Can Python replace Visual Basic? Should it?

Tim Rowe digitig at cix.co.uk
Wed Mar 7 23:24:00 CET 2001


In article <5DZo6.11126$hn5.1578410 at news1.rdc1.mb.home.com>, 
bbollenbach at homenospam.com (Brad Bollenbach) wrote:

> Okay, sure this has been asked again and again, but I've never really 
> seen a
> clear answer to this question:
> 
>     Can Python replace Visual Basic? Should it?

I've seen a yes/no and a yes/yes answer so far to this. I'll add a 
no/maybe answer. That "no" is a /technical/ yes, but Python is never 
likely to have Microsoft's marketing muscle behind it (I hope!) and so 
will never replace Microsoft's language of choice. I work in a corporate 
environment that mandates VB (& VBA) for everything because it mandates 
Microsoft for everything and the people who do the mandating aren't 
interested in the technical issues -- we deliver using VB, so why should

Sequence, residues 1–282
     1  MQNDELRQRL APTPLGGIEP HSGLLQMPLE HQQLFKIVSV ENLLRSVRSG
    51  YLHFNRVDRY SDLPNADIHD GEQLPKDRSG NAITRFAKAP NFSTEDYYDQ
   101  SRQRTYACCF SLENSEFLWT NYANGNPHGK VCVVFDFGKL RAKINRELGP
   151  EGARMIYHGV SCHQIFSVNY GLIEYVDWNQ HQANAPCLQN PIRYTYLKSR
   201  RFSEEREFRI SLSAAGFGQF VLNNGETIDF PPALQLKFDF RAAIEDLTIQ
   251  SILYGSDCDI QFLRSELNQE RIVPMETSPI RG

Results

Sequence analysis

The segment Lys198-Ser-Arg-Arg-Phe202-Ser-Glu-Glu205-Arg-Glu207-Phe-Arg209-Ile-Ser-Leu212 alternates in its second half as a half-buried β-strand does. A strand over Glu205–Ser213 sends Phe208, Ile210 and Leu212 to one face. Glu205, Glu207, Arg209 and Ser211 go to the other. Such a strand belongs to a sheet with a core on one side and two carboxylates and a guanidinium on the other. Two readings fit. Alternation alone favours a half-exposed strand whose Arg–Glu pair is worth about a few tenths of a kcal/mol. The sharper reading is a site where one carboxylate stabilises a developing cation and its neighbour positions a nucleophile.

they have the maintenance overhead of multiple languages (even multiple 
MS languages)? Python isn't going to overcome that sort of corporate 
mindset.

But when I'm given a choice, I now use Python for everything. There is 
stuff I wouldn't use it for (safety critical, for one) but I don't do 
that stuff. I keep C++, Delphi, Eiffel and Ada in a back pocket; I have 
Perl, Java, Fortran, Prolog and even Forth on a mental back-shelf, and I 
would pull any of them out if needed. But at the moment I don't need them. 
I don't know if that's because of the nature of what I do in my own time 
(mainly scientific and data manipulation, no serious GUI stuff) or if it's 
across the board advantages of the language. I suspect the former; I'm 
reminded of Michael Jackson's comment that if something helps you with 
every possible problem then it's not going to help you very /much/ on any 
/particular/ problem. I'm going to try to keep a varied set of programming 
tools clean and sharp.

So that's another reply in vague generalities that's not going to be much 
use to you :-)





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